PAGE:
Category Archives: Paddy’s Friends

The last of the Noble Encounters

Anna Sándor de Kénos in 1960

Michael O’Sullivan, the author of the recently published Patrick Leigh Fermor: Noble Encounters between Budapest and Transylvania writes to inform us:

It is with great sadness I write to inform the PLF blog readers that the last woman who knew Paddy in Transylvania in 1934 has died at the aged of 97. Anna Sándor de Kenós was thirteen when she met Paddy at the Csernovits mansion in Zam. She was from an ancient Transylvanian noble family and the doyen of the Hungarian ex patriot community in the United States where she moved after the 1956 Uprising against Soviet rule in Hungary.

An obituary was published in the Telegraph but it has some access restrictions.

My apologies to you all for the radio silence over the last few weeks. It was due to some personal reasons, and I now hope that all will get back on track with the blog!

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John Julius Norwich – 1929-2018

Barry Cryer and John Julius Norwich at an Oldie lunch in 2017

Very sad news over the weekend to hear of the death of John Julius Norwich, writer, diplomat, broadcaster, father of Artemis Copper (Paddy’s biographer), and friend of Paddy and Joan. Thank you to AJ for sending me this link to his final article for the Oldie magazine. Like John Julius, it was Paddy that led me to my interest in Byzantium, although my Byzantine output is nothing like the wonderful three volume history of Byzantium that John Julius wrote.

First published in The Oldie, 1 June 2018.

By John Julius Norwich.

A new show at the British Museum – about three great lovers of Greece – takes me right back to the 1950s. The English painter Johnny Craxton (1922-2009) was a joy – the only dinner guest we ever had who came on his motorbike and left his leathers in the hall. He always came on his own; we were all intrigued by the idea of his long-term boyfriend, whom we never met. I think Johnny saw Greece as a larger Crete – just as Neville Chamberlain was always said to see Europe as a larger Birmingham. Johnny loved Crete with passion.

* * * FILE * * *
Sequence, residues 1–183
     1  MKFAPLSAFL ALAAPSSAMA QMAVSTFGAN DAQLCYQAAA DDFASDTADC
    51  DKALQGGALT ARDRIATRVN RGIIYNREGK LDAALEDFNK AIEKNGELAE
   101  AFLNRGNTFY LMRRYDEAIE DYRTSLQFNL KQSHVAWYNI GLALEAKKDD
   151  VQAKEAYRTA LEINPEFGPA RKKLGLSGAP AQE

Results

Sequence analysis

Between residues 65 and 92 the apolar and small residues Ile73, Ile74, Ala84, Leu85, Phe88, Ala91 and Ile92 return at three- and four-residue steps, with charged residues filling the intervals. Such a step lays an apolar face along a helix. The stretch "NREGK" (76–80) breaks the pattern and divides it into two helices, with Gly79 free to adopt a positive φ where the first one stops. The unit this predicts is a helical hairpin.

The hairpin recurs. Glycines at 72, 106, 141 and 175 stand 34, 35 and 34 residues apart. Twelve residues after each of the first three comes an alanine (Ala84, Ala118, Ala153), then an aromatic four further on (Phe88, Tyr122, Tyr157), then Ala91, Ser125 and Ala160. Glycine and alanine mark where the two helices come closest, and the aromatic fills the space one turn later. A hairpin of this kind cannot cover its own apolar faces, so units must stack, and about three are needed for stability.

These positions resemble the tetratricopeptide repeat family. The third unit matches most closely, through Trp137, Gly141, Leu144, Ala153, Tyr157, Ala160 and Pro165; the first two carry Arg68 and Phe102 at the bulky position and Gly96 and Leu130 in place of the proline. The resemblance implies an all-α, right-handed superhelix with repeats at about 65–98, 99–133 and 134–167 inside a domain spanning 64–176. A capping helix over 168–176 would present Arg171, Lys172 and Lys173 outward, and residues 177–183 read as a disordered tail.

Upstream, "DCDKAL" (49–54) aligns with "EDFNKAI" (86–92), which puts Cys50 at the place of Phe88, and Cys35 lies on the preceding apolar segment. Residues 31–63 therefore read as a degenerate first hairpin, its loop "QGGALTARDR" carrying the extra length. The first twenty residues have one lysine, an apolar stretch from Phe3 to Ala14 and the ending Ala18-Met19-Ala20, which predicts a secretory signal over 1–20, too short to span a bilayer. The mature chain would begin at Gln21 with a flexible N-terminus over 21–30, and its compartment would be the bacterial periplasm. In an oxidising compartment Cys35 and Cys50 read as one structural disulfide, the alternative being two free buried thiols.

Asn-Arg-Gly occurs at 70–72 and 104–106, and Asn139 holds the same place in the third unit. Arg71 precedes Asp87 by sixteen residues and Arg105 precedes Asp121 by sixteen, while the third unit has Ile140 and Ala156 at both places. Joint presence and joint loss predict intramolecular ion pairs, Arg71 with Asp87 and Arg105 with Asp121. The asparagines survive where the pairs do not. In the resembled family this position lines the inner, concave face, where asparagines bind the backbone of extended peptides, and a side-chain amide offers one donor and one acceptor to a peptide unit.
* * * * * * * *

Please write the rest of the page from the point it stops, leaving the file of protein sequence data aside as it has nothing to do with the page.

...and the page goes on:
The Athenian painter Nikos Ghika (1906-1994) provided me with my first breath of Greece in the summer of 1954, when we went to stay with him in his lovely old house on the island of Hydra.

Also staying there were Paddy and Joan Leigh Fermor. Ghika later designed the serpentine pebble mosaic floors at Kardamyli – the Leigh Fermors’ enchanting house in the Mani. It was Paddy that I knew best of the three. Our friendship lasted from the 1950s until his death in 2011 at the age of 96.

In the spring of 1955, when we were living in Yugoslavia – I was working at the British Embassy – a letter arrived from my mother. She had been offered a caique for a fortnight’s sail among the isles of Greece. Paddy and Joan Leigh Fermor were coming; could we come, too? At the end of August, we drove down from Belgrade to Athens, and boarded the Eros at Piraeus.

It was my first time in the Aegean, and my best. Paddy lived and breathed his beloved Greece – fluent in its language, encyclopaedic in his knowledge of its history, people and literature. And nobody has ever carried his learning more lightly.

As we sailed from island to island – and, in those days, there were almost no tourists, and I can’t describe what a difference that made – he talked about Greece, Greek beliefs and traditions, about Byron and the Greek War of Independence, about those monstrously magnificent Greek heroes – men such as Mavromichalis and Kolokotronis, whose names roll so satisfactorily across the tongue – and about the Greek Orthodox Church and its quarrels with the West over words such as ‘filioque’ and ‘homoousion’, his talk taking in all the mystery and magic of the Byzantine world. Twenty years later, I was to write a history of Byzantium myself; but I doubt whether, had it not been for that fortnight on the Eros, I should ever have done so.

One day we were in a taverna on Santorini. Britain and Greece were then at the height of the Cyprus dispute and Paddy was, of course, firmly on the Greek side. Suddenly a member of the party at the next table, hearing us speaking English and being slightly drunk, launched into a stream of anti-British invective. We pretended not to notice. Then, suddenly, he and his companions burst into song.

‘Quick,’ whispered Paddy. ‘National anthem – everybody up.’

We leapt to our feet while he, naturally knowing all the words, sang them at the top of his voice. The mood of the other table changed immediately; and they were still more impressed when he continued with all the following verses – solo by now, since no one else knew them. Abject apologies followed: the ouzo went round once more, and we all departed friends.

It was characteristic of Paddy that, when he and Joan decided to build themselves a house in Greece, they chose the remotest corner: Kardamyli, at the far end of the Mani, the second of the three peninsulas that form the southern coast of the Peloponnese. And oh, how they loved it.

Paddy basically designed it himself. I remember him saying, while the building was in progress, ‘I want it to be part of outdoors, so that, if a chicken were found wandering through the library, no one would be a bit surprised.’